When the charging banth was twenty paces from the dead thoat the killer gave vent to its hideous challenge, and with a mighty spring leaped forward to meet it.
He stood and yelled, perhaps for the time of ten seconds, when the bull was enticed into charging the other capadors and the man arose unhurt.
I think I am civil to you in not commanding or charging you in the king's name to go with me, and charging every man I see that passes your door to aid and assist me in carrying you by force; this you cannot but know I have power to do, and yet I forbear it, and once more entreat you to go with me.
It would be several minutes before he again could bring himself to the point of charging into view of the giant anthropoids.
There are more than 30 public charging stations in the capital at most of them drivers will re-charge their e-cars free of chargeThe electric and hybrid car trend is gradually finding its way to Slovakia.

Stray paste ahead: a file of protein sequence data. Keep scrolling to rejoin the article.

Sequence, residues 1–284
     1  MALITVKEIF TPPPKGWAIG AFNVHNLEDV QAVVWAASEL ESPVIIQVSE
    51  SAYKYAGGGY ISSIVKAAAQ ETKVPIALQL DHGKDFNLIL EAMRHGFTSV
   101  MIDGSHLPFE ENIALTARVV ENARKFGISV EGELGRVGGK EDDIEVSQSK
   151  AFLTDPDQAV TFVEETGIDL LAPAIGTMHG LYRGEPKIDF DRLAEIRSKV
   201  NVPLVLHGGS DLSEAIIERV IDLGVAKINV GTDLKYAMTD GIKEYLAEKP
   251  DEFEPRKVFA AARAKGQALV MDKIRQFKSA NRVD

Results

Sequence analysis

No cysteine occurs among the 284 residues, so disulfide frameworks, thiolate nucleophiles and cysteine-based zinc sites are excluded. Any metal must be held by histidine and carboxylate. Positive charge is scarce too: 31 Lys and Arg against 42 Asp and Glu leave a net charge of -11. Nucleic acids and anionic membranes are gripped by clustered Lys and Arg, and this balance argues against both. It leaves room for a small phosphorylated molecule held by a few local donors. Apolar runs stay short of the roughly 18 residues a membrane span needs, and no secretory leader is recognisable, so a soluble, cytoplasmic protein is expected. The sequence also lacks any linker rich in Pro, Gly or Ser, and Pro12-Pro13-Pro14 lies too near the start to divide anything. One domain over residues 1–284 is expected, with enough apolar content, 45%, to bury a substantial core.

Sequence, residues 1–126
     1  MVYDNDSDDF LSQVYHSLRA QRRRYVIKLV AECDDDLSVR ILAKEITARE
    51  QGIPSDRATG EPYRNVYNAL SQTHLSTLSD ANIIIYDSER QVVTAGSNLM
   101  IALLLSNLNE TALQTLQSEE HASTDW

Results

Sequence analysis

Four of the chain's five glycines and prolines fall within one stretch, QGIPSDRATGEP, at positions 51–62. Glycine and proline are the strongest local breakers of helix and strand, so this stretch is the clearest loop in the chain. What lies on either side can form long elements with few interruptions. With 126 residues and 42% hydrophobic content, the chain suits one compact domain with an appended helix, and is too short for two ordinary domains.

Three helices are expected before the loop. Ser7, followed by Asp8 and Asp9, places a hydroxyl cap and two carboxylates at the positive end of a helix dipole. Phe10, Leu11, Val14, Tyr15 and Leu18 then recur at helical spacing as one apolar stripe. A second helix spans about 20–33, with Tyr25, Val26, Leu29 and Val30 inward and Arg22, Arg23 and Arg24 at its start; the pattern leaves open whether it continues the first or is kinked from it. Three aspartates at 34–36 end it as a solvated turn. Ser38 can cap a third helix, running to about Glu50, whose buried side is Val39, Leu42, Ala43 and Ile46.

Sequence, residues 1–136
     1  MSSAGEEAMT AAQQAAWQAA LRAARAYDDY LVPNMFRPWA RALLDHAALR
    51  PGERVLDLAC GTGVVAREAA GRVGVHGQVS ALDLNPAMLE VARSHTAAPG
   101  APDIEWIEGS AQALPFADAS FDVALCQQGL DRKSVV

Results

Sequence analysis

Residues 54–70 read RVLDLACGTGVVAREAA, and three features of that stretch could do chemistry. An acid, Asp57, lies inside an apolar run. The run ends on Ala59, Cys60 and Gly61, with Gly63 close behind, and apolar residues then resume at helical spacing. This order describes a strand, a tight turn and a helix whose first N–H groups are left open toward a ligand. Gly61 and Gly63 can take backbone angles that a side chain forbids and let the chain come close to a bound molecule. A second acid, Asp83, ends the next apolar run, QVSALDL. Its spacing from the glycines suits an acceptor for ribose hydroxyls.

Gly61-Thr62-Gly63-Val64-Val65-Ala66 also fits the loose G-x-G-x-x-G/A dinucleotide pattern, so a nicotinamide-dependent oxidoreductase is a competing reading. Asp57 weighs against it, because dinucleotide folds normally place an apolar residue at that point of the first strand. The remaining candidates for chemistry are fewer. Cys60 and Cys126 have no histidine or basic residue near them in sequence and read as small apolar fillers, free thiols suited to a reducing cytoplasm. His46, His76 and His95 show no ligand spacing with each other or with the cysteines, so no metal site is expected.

Building upon Qualcomm Technologies existing leadership in fast charging implementations, Quick Charge 4 is designed to provide a superior charging solution by delivering faster charge times and higher efficiency than prior generations.
The district attorney's Crime Charging Policy is that it is improper to file for a hate crime based on ``the mere fact of a request to charge by a police agency, private citizen or public official'' or on ``public or news media pressure to charge.
The Supreme Court recognized that, because some criminal statutes are so similar, the definition of an "offense" cannot necessarily be "limited to the four corners of a charging instrument.